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Union Facts

Unfair Labor Practices

scaleWhen most people think of labor law violations, they probably think of “Big Business.” But employees, employers, and labor organizations file thousands of charges each year called Unfair Labor Practices against unions and union officials.

An Unfair Labor Practice (ULP) occurs when a union or an employer violates Section 8 of the National Labor Relations Act. Union members commonly file ULPs against their union because the union failed to fairly represent its members. Employees also file ULPs against union leaders for intimidation, coercion, violence, and many other labor law violations.

How to File a ULP

To file a ULP against a union, a union member must fill out NLRB Form 508. Be advised that the NLRB doesn’t have jurisdiction to investigate all unfair employment issues. The NLRB will investigate the allegations and either dismiss the case, seek a settlement from the union, or issue a formal complaint. Union members may also withdraw the complaint. If, after filing a complaint, the union refuses to settle the issue, the case will be heard by an Administrative Law Judge. Depending on the outcome, the NLRB will either issue an order or dismiss the case.

The National Labor Relations Board has more information on the Unfair Labor Practice process.

Examples of Unfair Labor Practices by a Union

The National Labor Relations Board provides the following examples of ULPs by unions:

  • Mass picketing in such numbers that nonstriking employees are physically barred from entering the plant;
  • Acts of force or violence on the picket line, or in connection with a strike;
  • Threats to do bodily injury to nonstriking employees;
  • Threats to employees that they will lose their jobs unless they support the union’s activities;
  • Statement to employees who oppose the union that the employees will lose their jobs if the union wins a majority in the plant ;
  • Entering into an agreement with an employer that recognizes the union as exclusive bargaining representative when it has not been chosen by a majority of the employees;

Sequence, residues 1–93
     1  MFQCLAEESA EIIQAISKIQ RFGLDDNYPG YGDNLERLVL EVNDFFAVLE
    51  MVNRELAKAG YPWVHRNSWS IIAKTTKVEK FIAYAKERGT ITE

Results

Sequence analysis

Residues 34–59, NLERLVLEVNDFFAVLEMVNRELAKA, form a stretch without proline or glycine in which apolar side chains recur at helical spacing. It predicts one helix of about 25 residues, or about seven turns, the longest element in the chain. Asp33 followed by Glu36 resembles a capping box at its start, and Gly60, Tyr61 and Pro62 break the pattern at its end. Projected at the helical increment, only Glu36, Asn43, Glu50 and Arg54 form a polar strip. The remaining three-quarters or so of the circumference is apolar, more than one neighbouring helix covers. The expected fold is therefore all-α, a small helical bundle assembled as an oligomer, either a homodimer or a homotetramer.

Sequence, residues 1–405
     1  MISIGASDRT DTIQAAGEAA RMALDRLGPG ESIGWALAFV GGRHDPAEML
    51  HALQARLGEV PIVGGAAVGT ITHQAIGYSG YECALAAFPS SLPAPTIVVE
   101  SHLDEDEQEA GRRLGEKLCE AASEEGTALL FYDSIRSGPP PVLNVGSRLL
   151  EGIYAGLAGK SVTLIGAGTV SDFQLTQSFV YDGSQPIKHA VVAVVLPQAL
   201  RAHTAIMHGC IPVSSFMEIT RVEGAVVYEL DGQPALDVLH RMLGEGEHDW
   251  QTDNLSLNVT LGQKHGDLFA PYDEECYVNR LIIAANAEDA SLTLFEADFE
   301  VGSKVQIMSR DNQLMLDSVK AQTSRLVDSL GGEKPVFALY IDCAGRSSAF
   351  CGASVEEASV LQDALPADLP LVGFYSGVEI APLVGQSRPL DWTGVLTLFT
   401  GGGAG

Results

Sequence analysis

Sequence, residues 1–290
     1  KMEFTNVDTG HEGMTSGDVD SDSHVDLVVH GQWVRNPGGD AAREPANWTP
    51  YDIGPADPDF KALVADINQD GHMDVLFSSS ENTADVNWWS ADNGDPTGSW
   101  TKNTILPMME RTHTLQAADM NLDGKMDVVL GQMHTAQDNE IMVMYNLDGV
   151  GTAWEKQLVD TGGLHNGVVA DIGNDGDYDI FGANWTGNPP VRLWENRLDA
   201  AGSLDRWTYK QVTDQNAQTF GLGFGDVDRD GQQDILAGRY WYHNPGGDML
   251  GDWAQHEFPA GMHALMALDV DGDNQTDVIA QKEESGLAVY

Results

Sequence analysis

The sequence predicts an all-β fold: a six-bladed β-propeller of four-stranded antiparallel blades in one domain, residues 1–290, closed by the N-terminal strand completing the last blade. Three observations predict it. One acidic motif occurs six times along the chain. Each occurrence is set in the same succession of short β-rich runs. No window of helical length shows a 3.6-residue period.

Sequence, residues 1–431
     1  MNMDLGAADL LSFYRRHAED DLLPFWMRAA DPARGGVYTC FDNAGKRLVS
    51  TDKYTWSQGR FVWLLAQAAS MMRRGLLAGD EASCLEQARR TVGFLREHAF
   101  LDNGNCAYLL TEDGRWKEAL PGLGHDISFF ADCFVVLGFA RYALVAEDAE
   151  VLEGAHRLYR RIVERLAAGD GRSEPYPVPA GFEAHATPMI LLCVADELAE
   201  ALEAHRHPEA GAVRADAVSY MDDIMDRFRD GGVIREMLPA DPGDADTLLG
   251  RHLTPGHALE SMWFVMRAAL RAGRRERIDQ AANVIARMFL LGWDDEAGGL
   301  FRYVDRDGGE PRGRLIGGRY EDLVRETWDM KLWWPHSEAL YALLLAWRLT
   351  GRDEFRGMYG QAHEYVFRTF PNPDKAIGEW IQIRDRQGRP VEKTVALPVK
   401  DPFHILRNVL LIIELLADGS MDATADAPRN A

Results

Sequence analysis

• Fining or expelling members for crossing a picket line that is unlawful under the Act or that violates a no- strike agreement;
  • Fining employees for crossing a picket line after they resigned from the union;
  • Fining or expelling members for filing unfair labor practice charges with the Board or for participating in an investigation conducted by the Board;
  • Refusing to process a grievance in retaliation against an employee’s criticism of union officers;
  • Maintaining a seniority arrangement with an employer under which seniority is based on the employee’s prior representation by the union elsewhere;
  • Rejecting an application for referral to a job in a unit represented by the union based on the applicant’s race or union activities;
  • Causing an employer to discharge employees because they circulated a petition urging a change in the union’s method of selecting shop stewards;
  • Causing an employer to discharge employees because they made speeches against a contract proposed by the union;
  • Making a contract that requires an employer to hire only members of the union or employees “satisfactory” to the union;
  • Causing an employer to reduce employees’ seniority because they engaged in antiunion acts;
  • Refusing referral or giving preference on the basis of race or union activities in making job referrals to units represented by the union, and;
  • Seeking the discharge of an employee under a union-security agreement for failure to pay a fine levied by the union.